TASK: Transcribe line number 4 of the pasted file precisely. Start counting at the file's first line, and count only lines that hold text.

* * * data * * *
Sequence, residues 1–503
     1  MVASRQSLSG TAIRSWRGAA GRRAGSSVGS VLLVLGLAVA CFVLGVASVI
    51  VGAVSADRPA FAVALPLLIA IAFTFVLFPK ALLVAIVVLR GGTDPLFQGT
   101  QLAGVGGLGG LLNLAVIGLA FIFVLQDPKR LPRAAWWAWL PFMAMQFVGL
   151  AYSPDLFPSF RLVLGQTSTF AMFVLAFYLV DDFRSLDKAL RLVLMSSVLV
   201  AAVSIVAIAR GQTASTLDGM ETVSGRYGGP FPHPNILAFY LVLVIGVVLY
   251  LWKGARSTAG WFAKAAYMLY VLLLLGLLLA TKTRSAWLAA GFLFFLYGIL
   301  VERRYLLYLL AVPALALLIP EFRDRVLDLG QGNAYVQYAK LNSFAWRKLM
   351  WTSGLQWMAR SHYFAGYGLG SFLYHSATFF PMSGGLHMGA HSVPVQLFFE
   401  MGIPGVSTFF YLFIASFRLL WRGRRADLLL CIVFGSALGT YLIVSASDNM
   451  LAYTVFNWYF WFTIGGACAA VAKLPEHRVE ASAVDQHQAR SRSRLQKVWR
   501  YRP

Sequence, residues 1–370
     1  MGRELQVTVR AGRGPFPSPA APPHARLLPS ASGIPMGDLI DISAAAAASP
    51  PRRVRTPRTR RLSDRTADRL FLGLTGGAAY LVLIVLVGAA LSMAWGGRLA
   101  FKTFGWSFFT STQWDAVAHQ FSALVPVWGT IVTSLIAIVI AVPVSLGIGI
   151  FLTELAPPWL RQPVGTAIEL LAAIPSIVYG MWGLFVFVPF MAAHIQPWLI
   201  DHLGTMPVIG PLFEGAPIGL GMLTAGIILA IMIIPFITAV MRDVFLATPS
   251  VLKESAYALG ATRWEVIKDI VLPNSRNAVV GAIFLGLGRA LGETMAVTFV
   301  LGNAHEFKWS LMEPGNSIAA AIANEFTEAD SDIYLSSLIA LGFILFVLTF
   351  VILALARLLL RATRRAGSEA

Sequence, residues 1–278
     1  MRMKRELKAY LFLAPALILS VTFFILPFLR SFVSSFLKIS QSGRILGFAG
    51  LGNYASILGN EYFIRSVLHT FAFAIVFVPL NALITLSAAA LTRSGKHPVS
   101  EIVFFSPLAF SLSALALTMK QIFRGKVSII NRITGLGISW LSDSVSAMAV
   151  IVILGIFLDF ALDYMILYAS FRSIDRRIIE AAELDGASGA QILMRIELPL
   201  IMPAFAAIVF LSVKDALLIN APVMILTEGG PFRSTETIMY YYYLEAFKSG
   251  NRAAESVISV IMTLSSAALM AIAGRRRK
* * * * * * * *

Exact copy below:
   101  QLAGVGGLGG LLNLAVIGLA FIFVLQDPKR LPRAAWWAWL PFMAMQFVGL